Barbara Bogart, a strategic-alliance executive for a Maryland-based software firm, found her current job through a recruiter after being downsized from her previous position. She still gets two or three recruiter calls each week. She says she always speaks with search professionals and provides referrals if she can. These efforts will pay off the next time she’s in the job market, she says. "It’s relationship-building, pure and simple," says Ms. Bogart.
4. Don’t be a wallflower.
You’ll improve your chances of being found by recruiters in your industry or function if you join professional societies, attend a conference and tell colleagues confidentially that you’re open to speaking with recruiters. These are sources of leads for recruiters and their search researchers who help uncover potential prospects.
5. Prepare a 30-second "commercial."
When you call a recruiter, first ask if he or she can spare a few minutes, says Mr. Jacobus. Succinctly describe who you are, what you do and what you’re looking for. Then listen and allow the recruiter to let you know if he or she can market you effectively. Don’t read your resume. Recruiters prefer dialogue that’s short and sweet, says Mr. Jacobus.
6. Don’t take silence personally.
"Good recruiters can and should be awfully nice to job seekers, but their first allegiance is to the client organization," says Ms. Rehberg. Realize that recruiters usually are working on multiple assignments and can’t personally return all calls or letters. Don’t take their lack of response personally.
"Even if your resume is impressive, it may not fit one of their jobs," says Mr. Cooper. "But three to six months from now, they may have a new assignment, search their candidate database and find your resume matches the requirements."
Says Ms. Bogart: "If you have the talent [recruiters] are looking for, they’re all over you," she says. "If they’re not trying to fill a position in your area, they won’t call."
Moreover, search executives dread candidates who badger them with phone calls and resumes. If your job situation has changed since you first notified a search firm, simply send a new resume, but don’t leave messages asking if they’ve received our resume or have new assignments you might fit.
7. Screen recruiters who call.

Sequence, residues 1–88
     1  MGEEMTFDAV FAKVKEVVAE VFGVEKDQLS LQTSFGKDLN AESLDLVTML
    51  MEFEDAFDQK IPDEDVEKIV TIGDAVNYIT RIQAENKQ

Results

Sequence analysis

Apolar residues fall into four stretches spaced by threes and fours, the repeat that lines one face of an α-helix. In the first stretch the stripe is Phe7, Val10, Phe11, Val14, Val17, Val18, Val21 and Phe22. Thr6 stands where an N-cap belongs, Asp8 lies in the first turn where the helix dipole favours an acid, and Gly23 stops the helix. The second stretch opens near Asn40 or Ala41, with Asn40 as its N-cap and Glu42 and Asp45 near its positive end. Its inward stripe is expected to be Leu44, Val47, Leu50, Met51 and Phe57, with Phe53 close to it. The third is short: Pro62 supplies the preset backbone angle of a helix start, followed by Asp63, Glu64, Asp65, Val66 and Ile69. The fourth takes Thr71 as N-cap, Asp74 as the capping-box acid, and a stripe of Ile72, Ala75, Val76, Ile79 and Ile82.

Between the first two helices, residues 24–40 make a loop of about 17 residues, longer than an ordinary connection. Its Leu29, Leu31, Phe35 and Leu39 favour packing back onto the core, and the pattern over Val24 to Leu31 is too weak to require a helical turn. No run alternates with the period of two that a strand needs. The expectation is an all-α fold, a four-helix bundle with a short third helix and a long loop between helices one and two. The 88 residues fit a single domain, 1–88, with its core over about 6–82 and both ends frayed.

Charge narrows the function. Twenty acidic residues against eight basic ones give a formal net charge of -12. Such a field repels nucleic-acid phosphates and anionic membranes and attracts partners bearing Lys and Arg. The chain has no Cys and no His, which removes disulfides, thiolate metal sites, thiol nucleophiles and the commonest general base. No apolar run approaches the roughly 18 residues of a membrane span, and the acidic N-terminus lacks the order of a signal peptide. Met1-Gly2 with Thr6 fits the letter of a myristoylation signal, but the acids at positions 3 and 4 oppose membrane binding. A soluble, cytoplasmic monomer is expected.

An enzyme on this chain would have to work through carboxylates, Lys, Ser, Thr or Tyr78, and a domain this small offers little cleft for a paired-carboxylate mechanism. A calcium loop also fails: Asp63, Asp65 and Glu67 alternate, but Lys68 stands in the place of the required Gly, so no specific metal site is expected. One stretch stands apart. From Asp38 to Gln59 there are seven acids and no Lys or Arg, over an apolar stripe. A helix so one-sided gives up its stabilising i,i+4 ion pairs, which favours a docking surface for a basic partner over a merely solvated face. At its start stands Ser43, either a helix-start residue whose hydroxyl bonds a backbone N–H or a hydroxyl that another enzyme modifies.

Check recruiters’ credentials before revealing personal information. Ms. Bogart asks for the firm’s name and whether it’s a contingency or retained firm. Ask search executives to describe their typical assignments so you’ll know if they recruit for positions that match your experience and career goals.
"I also ask the person who gave my name to the firm about [the firm’s] reputation," says Ms. Bogart, who questions recruiters about their background in the software industry to see if they understand how software firms operate.
8. Be candid about your experience and compensation.
Once you’re under consideration for an assignment, recruiters will investigate your background to make sure it’s squeaky-clean before presenting you to a client company.
You won’t hurt recruiters’ feelings if you tell them up front that an opportunity isn’t right for you. Also say early on if you’re willing to relocate or if you might consider a counteroffer to stay with your current employer.
As employers try harder to retain staff in the current labor market, counteroffers are causing problems for recruiters because they prolong searches or cause them to fail. If you accept a counteroffer, it may jeopardize your relationship with a recruiter permanently.
"Accepting counteroffers hurts your credibility with the search firm and the client company," says Mr. Zaccaro.
Moreover, be prepared to answer frank questions about your salary or compensation package. Give the recruiter "an indicator of where you are," says Peter Felix, president of the AESC, but don’t feel you have to disclose your exact compensation. Additionally, don’t give this information out freely to search professionals you haven’t screened.
"Use vague terms to describe your salary," says Ms. Rehberg. "Say ‘The positions I’m looking at are in the salary range of $150,000 to $200,000,’ or you might offer a range that captures your total compensation package."
Or turn the tables and ask about the compensation level for the available position. "If they say $200,000, then you can say, ‘I’m comfortable in that range,’ but it doesn’t mean that’s what you’re making," says Ms. Rehberg.
-- Ms. Patterson is associate editor of the National Business Employment Weekly.